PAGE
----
Indian filmmaker Gurvinder Singh’s poignant tale about the legendary Sikh farmers caught in post-Bluestar Punjab
Originally written by Roopa Barua for A potpourri of vestiges.
Every once in a while, a film is made that attempts to break the general rigour of conventional storytelling. I watched Chauthi Koot by Gurvinder Singh at the Un Certain Regard Competition at the 2015 Cannes Film Festival. As the story of a farmer caught in post-Bluestar Punjab unfolds to the audience in a classic storytelling format, a second voice evolves which subtly takes over from the first one in an almost hurried and nervous way. The second voice is that of the animals in the farm that the story is set in… and primarily the dog Tommy who is all up to guard himself and his family because his instinct says so. The farmer Joginder Singh is caught in a nowhere land between the terrorists and the police. As the tension between the terrorists and the police escalates, the lives of hundreds of innocents take meandering segues through violence and post terrorism stress.
Director Gurvinder Singh has crafted a poignant tale set with the backdrop of the legendary Sikh farmers. But the farmers in Chauthi Koot, young and old have a lost look in their eyes, one of sorrow and dejection. They are hardy men stuck in a hopeless situation. And that air pervades the rest of their dwellings and farmhouses. This desolate situation is more disturbing to the animals in Gurvinder’s story. Tommy, the dog wants to instinctively protect everyone. He is confused when he is asked to keep silent when he senses the enemy. If he barks, the terrorists on the prowl are annoyed and the police are tipped. So farmer Joginder Singh wants to keep him silent. But he fails. The chicken on the farm are a nervous lot… even the general scenes with chickens have a slaughterhouse quality about them. And sometimes one chicken or another just flies making the energy even more nervous. The cackling nervous energy seems to echo the general mood of the film. Their constant unsteady movement and disturbed behavior also work like a subtle foreboding throughout the film. The random bull that goes astray, the stray dog that follows Tommy’s caravan and some other scenes with animals keep the tension on throughout the film. All through this animal-speak, the filmmaker has captured some very uncanny insights.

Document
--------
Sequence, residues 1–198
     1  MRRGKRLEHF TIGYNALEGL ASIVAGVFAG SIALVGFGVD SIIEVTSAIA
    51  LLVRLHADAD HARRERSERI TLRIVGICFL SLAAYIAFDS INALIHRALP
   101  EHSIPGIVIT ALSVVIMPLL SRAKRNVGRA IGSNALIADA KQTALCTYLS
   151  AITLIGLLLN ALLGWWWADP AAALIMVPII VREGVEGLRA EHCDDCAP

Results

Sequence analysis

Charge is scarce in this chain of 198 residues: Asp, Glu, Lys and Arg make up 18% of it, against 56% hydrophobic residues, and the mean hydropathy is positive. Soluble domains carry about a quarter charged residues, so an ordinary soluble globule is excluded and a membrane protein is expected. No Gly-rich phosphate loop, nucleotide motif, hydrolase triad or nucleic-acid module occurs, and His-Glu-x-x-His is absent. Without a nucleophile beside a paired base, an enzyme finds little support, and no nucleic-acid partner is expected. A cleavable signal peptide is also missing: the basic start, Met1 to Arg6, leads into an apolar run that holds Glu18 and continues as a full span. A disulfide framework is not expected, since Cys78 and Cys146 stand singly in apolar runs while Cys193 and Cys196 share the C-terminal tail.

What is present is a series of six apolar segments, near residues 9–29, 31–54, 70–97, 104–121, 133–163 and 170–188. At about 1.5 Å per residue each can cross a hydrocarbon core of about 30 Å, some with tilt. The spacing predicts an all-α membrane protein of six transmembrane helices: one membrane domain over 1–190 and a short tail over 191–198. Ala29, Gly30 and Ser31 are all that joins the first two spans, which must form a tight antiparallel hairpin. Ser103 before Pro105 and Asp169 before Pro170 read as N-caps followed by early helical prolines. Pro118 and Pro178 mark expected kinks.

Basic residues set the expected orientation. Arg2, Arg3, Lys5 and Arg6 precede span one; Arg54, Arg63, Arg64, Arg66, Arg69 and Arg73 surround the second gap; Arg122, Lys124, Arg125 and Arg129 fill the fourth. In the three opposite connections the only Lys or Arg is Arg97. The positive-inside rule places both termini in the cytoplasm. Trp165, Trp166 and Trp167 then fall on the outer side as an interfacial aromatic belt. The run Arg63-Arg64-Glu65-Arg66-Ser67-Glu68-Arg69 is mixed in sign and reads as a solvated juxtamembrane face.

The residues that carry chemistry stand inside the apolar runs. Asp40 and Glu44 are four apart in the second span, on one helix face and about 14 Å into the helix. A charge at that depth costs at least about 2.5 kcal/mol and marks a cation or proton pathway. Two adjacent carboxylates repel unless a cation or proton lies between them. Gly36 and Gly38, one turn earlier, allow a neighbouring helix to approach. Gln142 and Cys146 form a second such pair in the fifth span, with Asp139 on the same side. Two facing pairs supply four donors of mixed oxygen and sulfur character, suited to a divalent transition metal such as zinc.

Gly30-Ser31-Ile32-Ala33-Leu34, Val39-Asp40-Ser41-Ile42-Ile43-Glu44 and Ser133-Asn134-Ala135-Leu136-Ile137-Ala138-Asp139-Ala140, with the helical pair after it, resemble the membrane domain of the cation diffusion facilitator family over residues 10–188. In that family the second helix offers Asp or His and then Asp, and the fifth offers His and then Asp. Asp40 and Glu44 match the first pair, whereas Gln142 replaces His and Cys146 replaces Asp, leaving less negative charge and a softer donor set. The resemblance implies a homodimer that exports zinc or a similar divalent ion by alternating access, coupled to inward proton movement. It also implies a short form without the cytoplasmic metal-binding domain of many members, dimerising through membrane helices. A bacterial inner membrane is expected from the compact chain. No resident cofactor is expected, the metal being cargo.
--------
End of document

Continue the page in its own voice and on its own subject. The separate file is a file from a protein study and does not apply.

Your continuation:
Gurvinder’s storytelling style is minimalistic and he conveys more through sound throughout the film. This practice of his goes back to his student days at FTII and also later when he experimented with sound in his projects. He has showcased passing time with the help of ambient sound on one project. He has worked with the likes of Rabbi Shergill and Jasbir Jassi. He has worked extensively with Punjabi folk music. So it is only a natural extension that a film like Chauthi Koot uses sound as a voice in the film whether it is the dog instinctively barking or the lone bullet being randomly fired far off or the impending monsoon thunderclouds. Nature and the natural forces is where he has tapped into completely to augment this film.Gurvinder Singh’s first movie Anhe Ghore Da Daan won him national and international awards including the 59th National Film Award in India for Best Direction and for Best Feature Film. He has developed a complete auteur style of storytelling focusing completely on the textures of the moment as the driving force for the story. Space and its constructs seem to be important for him as the farmhouse standing solitary in the middle of the cornfields clearly signify. It is home in the most meaningful way for the farmer and his family but as the grandmother tells a passing visitor that their decision to leave their village and come reside in the middle of the farm was not the best decision. Yes they have more space but loneliness has also crept it. Director Gurvinder Singh has managed to again visually express this almost solitary confinement the family faces in the middle of their cornfields.
Apart from sound, Gurvinder keeps his camera movement classic and unobtrusive. The film just unfolds as beautiful minimalist cinema. The shots linger, conversations happen with no hurry and when these conversations happen, faces are studied again with no hurry. The camera and the edit work are done in complete tandem synchronicity. Scenes last longer, edit cuts are in complete art house cinema style. This helps one to delve directly into the characters in the film and remain in them as long as the story lets one be. In fact because of this style of edit, I as the audience found it very comfortable to sit and enjoy some good storytelling knowing fully well that the scenes would not start jumping.
At the press conference that Gurvinder Singh had given for Chauthi Koot at Cannes, he mentioned that he was hugely influenced by the works of Iranian filmmakers like Abbas Kiarostami, Jafar Panahi and Moshen Makhmalbaf. He said that he would watch these filmmakers to see some of their local stories. On asked how he could take a small story from Punjab and show it to the world, he said that the story is the basic content but the director’s job is to evoke poetry through his storytelling of this particular story. This is where he strikes a chord with the global audience for a local story. He hopes to have achieved it with Chauthi Koot.
I would like to conclude by saying that I would highly recommend this film for anyone who likes a certain gritty feel to the theme that is more texture driven than plot driven. It lays down the greatest of human emotions – of love, longing, security and betrayal with a tender and loving albeit minimalist hand. Gurvinder Singh has a film that is raw yet flowing with the understated elegance that is so typical of the Sikh community. Therein lies the greatness of his work. He does indeed weave the poetry that he hopes too.